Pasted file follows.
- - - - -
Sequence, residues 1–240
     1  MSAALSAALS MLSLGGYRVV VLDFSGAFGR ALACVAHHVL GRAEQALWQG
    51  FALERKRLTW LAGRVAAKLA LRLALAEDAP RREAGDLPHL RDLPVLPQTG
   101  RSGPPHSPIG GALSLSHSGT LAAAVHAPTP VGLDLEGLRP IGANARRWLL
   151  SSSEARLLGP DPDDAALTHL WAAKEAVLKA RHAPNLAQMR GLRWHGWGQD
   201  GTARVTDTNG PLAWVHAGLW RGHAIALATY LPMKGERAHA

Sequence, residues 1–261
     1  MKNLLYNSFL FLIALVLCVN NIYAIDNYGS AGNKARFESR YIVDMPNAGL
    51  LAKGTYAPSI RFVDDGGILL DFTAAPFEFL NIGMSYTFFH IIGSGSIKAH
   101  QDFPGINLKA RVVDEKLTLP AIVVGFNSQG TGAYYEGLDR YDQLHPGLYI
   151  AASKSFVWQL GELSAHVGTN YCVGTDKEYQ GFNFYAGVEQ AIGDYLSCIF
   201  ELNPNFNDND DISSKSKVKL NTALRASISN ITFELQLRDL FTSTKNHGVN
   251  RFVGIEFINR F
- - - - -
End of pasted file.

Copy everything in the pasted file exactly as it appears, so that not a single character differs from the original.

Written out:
Sequence, residues 1–240
     1  MSAALSAALS MLSLGGYRVV VLDFSGAFGR ALACVAHHVL GRAEQALWQG
    51  FALERKRLTW LAGRVAAKLA LRLALAEDAP RREAGDLPHL RDLPVLPQTG
   101  RSGPPHSPIG GALSLSHSGT LAAAVHAPTP VGLDLEGLRP IGANARRWLL
   151  SSSEARLLGP DPDDAALTHL WAAKEAVLKA RHAPNLAQMR GLRWHGWGQD
   201  GTARVTDTNG PLAWVHAGLW RGHAIALATY LPMKGERAHA

Sequence, residues 1–261
     1  MKNLLYNSFL FLIALVLCVN NIYAIDNYGS AGNKARFESR YIVDMPNAGL
    51  LAKGTYAPSI RFVDDGGILL DFTAAPFEFL NIGMSYTFFH IIGSGSIKAH
   101  QDFPGINLKA RVVDEKLTLP AIVVGFNSQG TGAYYEGLDR YDQLHPGLYI
   151  AASKSFVWQL GELSAHVGTN YCVGTDKEYQ GFNFYAGVEQ AIGDYLSCIF
   201  ELNPNFNDND DISSKSKVKL NTALRASISN ITFELQLRDL FTSTKNHGVN
   251  RFVGIEFINR F